March 4, 2021- In all the annals of the accomplishments of women in the scientific community, Marie Sklodowska Curie, (1867-1934), stands tall-as both the first woman ever to win a Nobel Prize and in two fields, yet: Physics (shared with her husband, Pierre, and Henri Becquerel) and Chemistry. The Physics Prize stemmed from the trio’s work in the field of radioactivity, which is a term coined by Marie. The Chemistry Prize came in 1911, for her discovery of the elements Polonium and Radium, using her own techniques for isolating radioactive isotopes. Madame Curie established the Curie Institute in Paris (1920) and in Warsaw (1932). She would eventually die from the effects of exposure to radiation, in 1934, at the age of 66.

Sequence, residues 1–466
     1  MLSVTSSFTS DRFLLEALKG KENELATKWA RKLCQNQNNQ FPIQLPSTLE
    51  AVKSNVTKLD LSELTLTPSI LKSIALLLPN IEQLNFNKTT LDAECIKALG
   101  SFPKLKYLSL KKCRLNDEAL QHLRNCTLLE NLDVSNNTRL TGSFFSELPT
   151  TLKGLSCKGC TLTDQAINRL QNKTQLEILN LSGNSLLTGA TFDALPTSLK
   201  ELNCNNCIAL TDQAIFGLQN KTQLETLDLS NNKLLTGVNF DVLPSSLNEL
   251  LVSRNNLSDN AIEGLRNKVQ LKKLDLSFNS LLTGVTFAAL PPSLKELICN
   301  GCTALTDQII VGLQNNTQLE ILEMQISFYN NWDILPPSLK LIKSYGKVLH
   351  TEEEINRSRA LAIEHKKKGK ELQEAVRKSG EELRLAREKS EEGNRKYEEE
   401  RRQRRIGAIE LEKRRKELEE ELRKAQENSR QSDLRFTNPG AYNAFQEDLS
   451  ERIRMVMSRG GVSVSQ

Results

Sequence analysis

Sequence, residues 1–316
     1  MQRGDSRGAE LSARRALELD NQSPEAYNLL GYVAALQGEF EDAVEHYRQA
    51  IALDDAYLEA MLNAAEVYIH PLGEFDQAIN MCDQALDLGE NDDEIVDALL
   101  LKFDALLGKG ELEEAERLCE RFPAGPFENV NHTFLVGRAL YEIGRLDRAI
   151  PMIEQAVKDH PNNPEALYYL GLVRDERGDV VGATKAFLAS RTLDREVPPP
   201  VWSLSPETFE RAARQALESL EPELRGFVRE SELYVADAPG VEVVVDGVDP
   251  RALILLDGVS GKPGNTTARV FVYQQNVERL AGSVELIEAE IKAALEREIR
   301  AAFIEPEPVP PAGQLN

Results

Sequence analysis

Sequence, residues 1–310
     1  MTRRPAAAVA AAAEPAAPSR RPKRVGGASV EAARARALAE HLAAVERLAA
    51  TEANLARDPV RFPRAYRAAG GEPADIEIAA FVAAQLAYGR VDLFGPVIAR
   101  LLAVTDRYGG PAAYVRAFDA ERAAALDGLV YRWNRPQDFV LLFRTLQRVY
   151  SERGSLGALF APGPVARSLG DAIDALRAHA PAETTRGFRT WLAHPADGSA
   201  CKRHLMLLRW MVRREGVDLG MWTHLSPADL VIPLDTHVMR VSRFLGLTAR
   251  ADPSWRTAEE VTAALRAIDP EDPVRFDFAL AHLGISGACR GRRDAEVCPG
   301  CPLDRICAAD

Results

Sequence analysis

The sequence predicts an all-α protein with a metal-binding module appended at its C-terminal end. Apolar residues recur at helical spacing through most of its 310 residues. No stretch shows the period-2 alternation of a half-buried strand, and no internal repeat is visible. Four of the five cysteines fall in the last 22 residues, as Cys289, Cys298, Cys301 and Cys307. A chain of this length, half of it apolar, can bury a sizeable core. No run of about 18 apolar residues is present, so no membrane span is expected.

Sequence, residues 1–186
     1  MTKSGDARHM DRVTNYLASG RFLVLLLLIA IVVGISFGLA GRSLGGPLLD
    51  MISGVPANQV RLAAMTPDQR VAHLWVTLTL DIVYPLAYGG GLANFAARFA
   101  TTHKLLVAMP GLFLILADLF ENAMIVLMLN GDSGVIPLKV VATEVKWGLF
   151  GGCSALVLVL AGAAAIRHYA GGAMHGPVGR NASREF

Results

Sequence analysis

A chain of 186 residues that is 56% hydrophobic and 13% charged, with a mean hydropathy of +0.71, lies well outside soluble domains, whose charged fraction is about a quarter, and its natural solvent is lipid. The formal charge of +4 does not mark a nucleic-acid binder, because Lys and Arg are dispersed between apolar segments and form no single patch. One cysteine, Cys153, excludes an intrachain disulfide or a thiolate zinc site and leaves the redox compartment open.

Marie’s father, Wladyslaw Sklodowski, was a gifted educator in mathematics and physics-and imparted a love of those subjects to his five children, especially to Marie and her older sister, Bronislawa. He insisted that his daughters get a solid university education. Madame Curie took this knowledge to a higher level, but never lost her gentility and modesty. She remains a beacon to all, men and women alike, who find themselves drawn to the Physical Sciences.
A trail blazer supported by a father who saw potential despite being XX. Her accomplishments are all the more incredible given that many women didn’t have higher educations. There was a movement that (selfish as it was) promoted educating women beyond learning to read and write and do simple arithmetic. The idea was that the more educated mother would be able to teach her young sons (and daughters by default) allowing them a head start among their peers…
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There is still the “Mothers are the first teachers” ethic-but daughters are no longer seen as default learners.